We were pleasantly surprised with the breakfast at our hotel (Shanti home, www.shantihome.com ). It was located on the top floor and had a chef making breakfast to order…eggs, grilled veggies, fruit, special Indian dish of the day and a crepe filled with yumminess. Oh and of course the authentically made hot chai tea…very creamy, sweet with dried spices. After breakfast…we walked down to the front desk and they gave us a map of the area, as well as their opinion on what we should make a priority to see since we have today and tomorrow before we leave for the next city.
Our driver arrived and we were on our way to the first stop…QUTB Minar, a UNESCO World Heritage Site. The driver dropped us off and told us where to meet him when we were finished. We walked onto the property and purchased a ticket as well as headphones for a self-guided tour. The first thing we noticed was the tall tower in the center…it was 237.8 ft tall. It was first built-in 1192 and is the tallest minaret (Islamic mosque architectural feature) in India. There were also several other buildings and ruins surrounding the tower, so Giff and I took our time listening to the guided tour and walking through the complex. The buildings were made of red sandstone and marble and had intricate carvings and verses from the Qur’an.
We walked back across the street wondering if we would be able to find our driver whom we just met, amongst the hundreds of other cars…he was also keeping an eye out for us and we found him pretty quickly. We were only in the car for a couple of seconds when our driver hit a motorcyclist!! We were pulling out and the motorcycle was pulling in and we collided. The motorcycle driver went down to the ground and the motorcycle skidded across the street. A bottle of alcohol also went flying…our driver said the guy was drinking. The guy seemed ok and our driver took off stopping a bit down the road to check and see if there was damage on his crappy car. The traffic here is crazy…there are so many moving things on the road, from cows to rickshaws to tuk-tuks to cars, and many many people of all ages. And for the record, there are no lanes for the vehicles to stay within…it is free-game out there. Basically, the one word that would really sum it up would be…utter chaos (ok that was two words).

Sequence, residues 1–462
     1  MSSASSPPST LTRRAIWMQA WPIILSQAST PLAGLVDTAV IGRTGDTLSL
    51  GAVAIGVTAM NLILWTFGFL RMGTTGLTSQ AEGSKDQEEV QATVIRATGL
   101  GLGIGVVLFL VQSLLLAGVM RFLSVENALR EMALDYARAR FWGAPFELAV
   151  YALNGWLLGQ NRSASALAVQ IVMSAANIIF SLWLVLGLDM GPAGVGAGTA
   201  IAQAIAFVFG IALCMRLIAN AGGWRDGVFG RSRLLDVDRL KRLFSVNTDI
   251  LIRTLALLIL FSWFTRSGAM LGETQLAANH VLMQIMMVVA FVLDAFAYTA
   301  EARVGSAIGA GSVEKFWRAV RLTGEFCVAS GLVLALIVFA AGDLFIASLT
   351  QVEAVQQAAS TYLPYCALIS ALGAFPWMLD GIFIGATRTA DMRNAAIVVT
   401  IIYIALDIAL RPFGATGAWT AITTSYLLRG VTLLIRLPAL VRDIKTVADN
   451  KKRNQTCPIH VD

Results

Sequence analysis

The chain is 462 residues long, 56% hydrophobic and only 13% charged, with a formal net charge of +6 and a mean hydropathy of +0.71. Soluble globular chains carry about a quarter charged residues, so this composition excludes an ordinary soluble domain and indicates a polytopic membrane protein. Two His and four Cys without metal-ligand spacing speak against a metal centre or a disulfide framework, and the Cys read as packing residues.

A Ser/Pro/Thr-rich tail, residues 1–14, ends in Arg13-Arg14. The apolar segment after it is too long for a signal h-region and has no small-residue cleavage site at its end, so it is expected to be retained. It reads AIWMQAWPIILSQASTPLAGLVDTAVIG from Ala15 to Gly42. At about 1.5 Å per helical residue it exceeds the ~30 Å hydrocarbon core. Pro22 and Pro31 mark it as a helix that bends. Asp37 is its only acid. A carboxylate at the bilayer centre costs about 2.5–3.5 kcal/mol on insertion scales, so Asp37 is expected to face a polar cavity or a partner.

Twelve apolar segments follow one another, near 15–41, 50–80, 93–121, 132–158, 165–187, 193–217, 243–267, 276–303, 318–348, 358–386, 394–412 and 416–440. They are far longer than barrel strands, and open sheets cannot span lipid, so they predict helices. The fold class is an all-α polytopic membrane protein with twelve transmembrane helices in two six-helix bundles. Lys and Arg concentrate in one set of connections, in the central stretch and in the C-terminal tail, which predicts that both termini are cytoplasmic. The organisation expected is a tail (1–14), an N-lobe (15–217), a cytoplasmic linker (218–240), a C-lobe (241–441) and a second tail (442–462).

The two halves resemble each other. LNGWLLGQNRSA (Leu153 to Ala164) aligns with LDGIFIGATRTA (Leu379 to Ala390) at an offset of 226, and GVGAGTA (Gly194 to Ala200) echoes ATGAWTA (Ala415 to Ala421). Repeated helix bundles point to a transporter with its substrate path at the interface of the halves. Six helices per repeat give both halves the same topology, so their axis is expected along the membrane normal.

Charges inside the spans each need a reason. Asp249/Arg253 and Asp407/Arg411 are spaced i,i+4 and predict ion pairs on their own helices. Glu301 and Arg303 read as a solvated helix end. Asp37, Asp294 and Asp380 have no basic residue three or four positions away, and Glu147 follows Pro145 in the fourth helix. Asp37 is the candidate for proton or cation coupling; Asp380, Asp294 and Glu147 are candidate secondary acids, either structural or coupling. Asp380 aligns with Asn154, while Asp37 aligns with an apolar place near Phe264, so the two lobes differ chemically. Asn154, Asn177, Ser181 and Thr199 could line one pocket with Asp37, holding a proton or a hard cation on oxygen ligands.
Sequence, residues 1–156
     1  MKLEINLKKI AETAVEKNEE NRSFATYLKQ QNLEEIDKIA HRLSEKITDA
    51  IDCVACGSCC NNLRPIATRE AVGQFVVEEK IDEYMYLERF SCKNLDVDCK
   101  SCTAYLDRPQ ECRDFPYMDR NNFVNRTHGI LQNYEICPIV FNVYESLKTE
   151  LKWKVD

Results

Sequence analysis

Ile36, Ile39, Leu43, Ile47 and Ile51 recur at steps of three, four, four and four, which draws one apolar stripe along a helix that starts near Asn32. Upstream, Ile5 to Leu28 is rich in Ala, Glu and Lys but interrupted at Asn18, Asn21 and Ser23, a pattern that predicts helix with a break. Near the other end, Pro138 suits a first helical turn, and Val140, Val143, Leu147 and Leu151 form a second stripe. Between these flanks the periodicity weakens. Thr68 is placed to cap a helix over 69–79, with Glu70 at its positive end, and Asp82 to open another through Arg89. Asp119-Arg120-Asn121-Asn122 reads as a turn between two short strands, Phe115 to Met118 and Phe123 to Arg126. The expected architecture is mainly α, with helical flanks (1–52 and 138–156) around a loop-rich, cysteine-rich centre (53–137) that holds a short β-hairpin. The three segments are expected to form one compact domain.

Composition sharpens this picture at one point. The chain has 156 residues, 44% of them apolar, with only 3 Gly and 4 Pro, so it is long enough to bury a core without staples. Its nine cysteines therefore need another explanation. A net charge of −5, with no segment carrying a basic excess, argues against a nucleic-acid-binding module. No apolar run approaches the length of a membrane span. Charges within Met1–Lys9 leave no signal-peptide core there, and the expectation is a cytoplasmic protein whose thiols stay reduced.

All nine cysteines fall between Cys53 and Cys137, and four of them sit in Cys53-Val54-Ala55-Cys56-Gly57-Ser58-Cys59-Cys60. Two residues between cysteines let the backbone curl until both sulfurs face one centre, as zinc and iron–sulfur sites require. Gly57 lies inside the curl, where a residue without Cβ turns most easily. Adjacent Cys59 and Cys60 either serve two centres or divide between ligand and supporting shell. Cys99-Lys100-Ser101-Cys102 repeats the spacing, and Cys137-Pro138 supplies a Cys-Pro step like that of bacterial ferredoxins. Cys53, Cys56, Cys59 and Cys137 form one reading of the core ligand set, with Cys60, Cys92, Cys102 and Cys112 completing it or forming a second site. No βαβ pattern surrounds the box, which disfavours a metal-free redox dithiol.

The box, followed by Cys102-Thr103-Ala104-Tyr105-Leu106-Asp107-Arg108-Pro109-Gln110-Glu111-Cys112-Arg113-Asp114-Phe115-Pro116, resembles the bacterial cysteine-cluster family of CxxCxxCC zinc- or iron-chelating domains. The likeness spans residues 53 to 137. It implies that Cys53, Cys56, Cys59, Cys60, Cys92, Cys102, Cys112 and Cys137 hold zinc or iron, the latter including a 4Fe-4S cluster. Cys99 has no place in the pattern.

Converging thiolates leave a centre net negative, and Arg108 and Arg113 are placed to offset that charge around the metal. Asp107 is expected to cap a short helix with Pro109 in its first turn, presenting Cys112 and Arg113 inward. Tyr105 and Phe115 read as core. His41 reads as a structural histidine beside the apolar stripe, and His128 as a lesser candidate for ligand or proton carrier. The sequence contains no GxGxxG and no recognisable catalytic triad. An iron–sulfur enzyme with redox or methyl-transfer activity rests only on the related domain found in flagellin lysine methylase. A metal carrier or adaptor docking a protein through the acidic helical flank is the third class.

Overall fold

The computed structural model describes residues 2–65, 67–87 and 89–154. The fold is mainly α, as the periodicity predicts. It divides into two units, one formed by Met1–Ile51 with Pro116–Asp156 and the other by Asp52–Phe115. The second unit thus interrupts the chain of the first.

After our minor accident…we drove over to the Baha’i House of Worship, otherwise known as the Lotus Temple. The Baha’i faith emphasizes the spiritual unity of all human-kind. This temple serves as the “mother temple” of the Indian subcontinent. There were many people all walking in the same direction we were up towards the entrance. Once we got close…we all had to take our shoes off and walk the rest of the way without shoes…not ideal (good thing we had socks on). We finally got to the entrance where we stood with a big group of people, and the 2 women working the front doors explained both in Hindi and then in English that the temple was a place for all people to pray/meditate to whatever they believe in…all religions were welcome. They said to please be respectful and remain silent while inside and then when ready, to exit out the other doors.
We got inside the large circular open hall and saw there were several long benches or pews the way you would find them in a church, but the decoration inside was not specific to one religion. We thought it was very cool that all beliefs were welcome under one roof and the architecture was also impressive. The outside was made up of 27 free-standing marble-clad petals arranged in clusters of 3 to make up 9 sides. Each side had 9 doors, and the whole surface was made of marble. It looked like a giant white flower and at its base was blue water. The architecture reminded us of the Sydney opera house. We sat inside the silent peaceful room full of people saying a prayer and joined in with our own.